But he saw nothing. He told her, good-naturedly, that she was young and ought to be amused and entertained, and must not allow herself to be made dull by a dull old fellow. Moreover, he said, he wanted to hear her sing all the new singer's songs to him; and how could she do that well, unless she went? So the Doctor persisted in making the engagement for her, and Mr. Jack Maldon was to come back to dinner. This concluded, he went to his Patent place, I suppose; but at all events went away on his horse, looking very idle.
I was curious to find out next morning, whether she had been. She had not, but had sent into London to put her cousin off; and had gone out in the afternoon to see Agnes, and had prevailed upon the Doctor to go with her; and they had walked home by the fields, the Doctor told me, the evening being delightful. I wondered then, whether she would have gone if Agnes had not been in town, and whether Agnes had some good influence over her too!
She did not look very happy, I thought; but it was a good face, or a very false one. I often glanced at it, for she sat in the window all the time we were at work; and made our breakfast, which we took by snatches as we were employed. When I left, at nine o'clock, she was kneeling on the ground at the Doctor's feet, putting on his shoes and gaiters for him. There was a softened shade upon her face, thrown from some green leaves overhanging the open window of the low room; and I thought all the way to Doctors' Commons, of the night when I had seen it looking at him as he read.
I was pretty busy now; up at five in the morning, and home at nine or ten at night. But I had infinite satisfaction in being so closely engaged, and never walked slowly on any account, and felt enthusiastically that the more I tired myself, the more I was doing to deserve Dora. I had not revealed myself in my altered character to Dora yet, because she was coming to see Miss Mills in a few days, and I deferred all I had to tell her until then; merely informing her in my letters (all our communications were secretly forwarded through Miss Mills), that I had much to tell her. In the meantime, I put myself on a short allowance of bear's grease, wholly abandoned scented soap and lavender water, and sold off three waistcoats at a prodigious sacrifice, as being too luxurious for my stern career.
Not satisfied with all these proceedings, but burning with impatience to do something more, I went to see Traddles, now lodging up behind the parapet of a house in Castle Street, Holborn. Mr. Dick, who had been with me to Highgate twice already, and had resumed his companionship with the Doctor, I took with me.
I took Mr. Dick with me, because, acutely sensitive to my aunt's reverses, and sincerely believing that no galley-slave or convict worked as I did, he had begun to fret and worry himself out of spirits and appetite, as having nothing useful to do. In this condition, he felt more incapable of finishing the Memorial than ever; and the harder he worked at it, the oftener that unlucky head of King Charles the First got into it. Seriously apprehending that his malady would increase, unless we put some innocent deception upon him and caused him to believe that he was useful, or unless we could put him in the way of being really useful (which would be better), I made up my mind to try if Traddles could help us. Before we went, I wrote Traddles a full statement of all that had happened, and Traddles wrote me back a capital answer, expressive of his sympathy and friendship.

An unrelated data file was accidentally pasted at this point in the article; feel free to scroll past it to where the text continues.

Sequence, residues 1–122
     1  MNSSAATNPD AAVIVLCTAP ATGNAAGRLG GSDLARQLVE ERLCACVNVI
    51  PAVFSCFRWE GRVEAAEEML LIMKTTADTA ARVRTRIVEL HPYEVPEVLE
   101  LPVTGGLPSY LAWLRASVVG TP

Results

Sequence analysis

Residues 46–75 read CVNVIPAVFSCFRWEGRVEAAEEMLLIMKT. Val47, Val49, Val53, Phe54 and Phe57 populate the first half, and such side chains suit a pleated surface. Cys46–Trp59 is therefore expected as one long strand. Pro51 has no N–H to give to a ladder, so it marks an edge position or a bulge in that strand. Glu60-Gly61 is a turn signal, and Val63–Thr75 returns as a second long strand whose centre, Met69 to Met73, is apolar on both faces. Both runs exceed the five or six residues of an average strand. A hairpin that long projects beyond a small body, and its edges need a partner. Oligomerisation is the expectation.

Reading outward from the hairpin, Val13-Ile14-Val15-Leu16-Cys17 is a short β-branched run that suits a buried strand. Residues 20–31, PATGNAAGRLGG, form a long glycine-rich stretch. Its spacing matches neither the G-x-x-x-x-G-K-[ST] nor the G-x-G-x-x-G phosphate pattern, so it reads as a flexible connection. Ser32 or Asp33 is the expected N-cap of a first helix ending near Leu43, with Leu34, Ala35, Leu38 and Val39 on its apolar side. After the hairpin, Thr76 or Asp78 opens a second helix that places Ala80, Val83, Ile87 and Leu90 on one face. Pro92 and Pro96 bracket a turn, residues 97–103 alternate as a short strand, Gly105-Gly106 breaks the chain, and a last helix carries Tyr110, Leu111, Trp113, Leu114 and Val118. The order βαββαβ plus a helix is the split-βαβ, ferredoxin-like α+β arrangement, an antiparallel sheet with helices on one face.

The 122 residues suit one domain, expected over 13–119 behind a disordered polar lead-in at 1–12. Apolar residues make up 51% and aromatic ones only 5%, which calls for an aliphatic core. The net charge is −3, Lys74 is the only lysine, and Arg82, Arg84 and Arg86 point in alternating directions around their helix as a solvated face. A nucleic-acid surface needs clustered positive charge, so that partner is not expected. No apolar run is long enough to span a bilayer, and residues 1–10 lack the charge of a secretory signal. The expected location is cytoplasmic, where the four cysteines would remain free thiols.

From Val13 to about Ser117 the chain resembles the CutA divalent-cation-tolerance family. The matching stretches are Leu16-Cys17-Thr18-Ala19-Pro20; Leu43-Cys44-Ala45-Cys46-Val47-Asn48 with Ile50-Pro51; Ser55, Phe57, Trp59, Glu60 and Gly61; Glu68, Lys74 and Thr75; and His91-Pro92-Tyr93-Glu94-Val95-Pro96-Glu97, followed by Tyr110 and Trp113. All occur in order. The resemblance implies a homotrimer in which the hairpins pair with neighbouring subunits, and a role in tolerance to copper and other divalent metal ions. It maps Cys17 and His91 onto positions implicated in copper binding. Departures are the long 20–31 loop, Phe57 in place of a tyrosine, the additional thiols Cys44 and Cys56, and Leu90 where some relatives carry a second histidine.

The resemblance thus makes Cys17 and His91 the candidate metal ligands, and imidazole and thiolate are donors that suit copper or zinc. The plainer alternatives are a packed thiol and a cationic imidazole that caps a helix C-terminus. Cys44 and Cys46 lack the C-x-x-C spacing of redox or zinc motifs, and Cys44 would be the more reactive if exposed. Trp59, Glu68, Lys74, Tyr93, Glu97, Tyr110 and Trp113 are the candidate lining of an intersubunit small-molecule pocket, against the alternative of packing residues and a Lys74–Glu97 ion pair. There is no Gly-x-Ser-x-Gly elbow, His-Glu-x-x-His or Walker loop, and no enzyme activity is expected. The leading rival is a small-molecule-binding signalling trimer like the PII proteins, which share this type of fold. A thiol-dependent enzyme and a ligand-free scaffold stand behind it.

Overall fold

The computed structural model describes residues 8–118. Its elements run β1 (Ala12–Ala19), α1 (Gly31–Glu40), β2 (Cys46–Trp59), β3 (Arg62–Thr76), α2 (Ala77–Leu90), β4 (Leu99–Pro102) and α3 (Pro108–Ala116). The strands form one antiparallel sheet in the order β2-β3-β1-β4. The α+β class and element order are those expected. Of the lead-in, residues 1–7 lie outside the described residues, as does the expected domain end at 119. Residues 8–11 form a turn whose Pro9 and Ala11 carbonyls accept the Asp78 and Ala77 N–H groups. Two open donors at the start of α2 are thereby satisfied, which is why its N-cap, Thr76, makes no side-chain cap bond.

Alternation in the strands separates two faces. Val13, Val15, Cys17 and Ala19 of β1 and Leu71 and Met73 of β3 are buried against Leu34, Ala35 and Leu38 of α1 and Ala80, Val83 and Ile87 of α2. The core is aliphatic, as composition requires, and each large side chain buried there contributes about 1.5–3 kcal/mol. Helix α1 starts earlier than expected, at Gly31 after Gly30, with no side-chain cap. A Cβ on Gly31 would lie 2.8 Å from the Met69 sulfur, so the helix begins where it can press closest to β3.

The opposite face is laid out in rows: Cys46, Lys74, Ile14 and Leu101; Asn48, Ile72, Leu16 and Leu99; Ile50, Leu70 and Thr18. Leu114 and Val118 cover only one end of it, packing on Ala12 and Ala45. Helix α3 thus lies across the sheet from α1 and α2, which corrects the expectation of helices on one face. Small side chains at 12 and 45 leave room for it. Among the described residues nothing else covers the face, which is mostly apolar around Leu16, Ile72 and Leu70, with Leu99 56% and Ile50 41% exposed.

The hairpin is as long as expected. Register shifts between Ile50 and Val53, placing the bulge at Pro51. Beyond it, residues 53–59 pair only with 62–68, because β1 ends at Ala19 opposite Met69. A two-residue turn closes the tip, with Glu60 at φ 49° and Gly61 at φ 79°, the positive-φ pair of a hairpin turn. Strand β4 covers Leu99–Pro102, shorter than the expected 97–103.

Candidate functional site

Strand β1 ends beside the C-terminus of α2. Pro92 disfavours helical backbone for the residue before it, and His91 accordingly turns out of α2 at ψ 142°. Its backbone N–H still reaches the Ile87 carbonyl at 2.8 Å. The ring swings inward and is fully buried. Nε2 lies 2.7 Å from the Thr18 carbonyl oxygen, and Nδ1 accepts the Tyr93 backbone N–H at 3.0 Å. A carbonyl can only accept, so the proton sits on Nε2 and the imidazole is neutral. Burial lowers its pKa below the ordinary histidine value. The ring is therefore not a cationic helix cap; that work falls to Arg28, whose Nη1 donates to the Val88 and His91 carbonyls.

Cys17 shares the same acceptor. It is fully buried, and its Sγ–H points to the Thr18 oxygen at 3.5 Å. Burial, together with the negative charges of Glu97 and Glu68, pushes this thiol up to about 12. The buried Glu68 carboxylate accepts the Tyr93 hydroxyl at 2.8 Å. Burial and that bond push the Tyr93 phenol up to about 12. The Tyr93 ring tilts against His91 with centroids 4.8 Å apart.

We found him hard at work with his inkstand and papers, refreshed by the sight of the flower-pot stand and the little round table in a corner of the small apartment. He received us cordially, and made friends with Mr. Dick in a moment. Mr. Dick professed an absolute certainty of having seen him before, and we both said, 'Very likely.'
The first subject on which I had to consult Traddles was this, - I had heard that many men distinguished in various pursuits had begun life by reporting the debates in Parliament. Traddles having mentioned newspapers to me, as one of his hopes, I had put the two things together, and told Traddles in my letter that I wished to know how I could qualify myself for this pursuit. Traddles now informed me, as the result of his inquiries, that the mere mechanical acquisition necessary, except in rare cases, for thorough excellence in it, that is to say, a perfect and entire command of the mystery of short-hand writing and reading, was about equal in difficulty to the mastery of six languages; and that it might perhaps be attained, by dint of perseverance, in the course of a few years. Traddles reasonably supposed that this would settle the business; but I, only feeling that here indeed were a few tall trees to be hewn down, immediately resolved to work my way on to Dora through this thicket, axe in hand.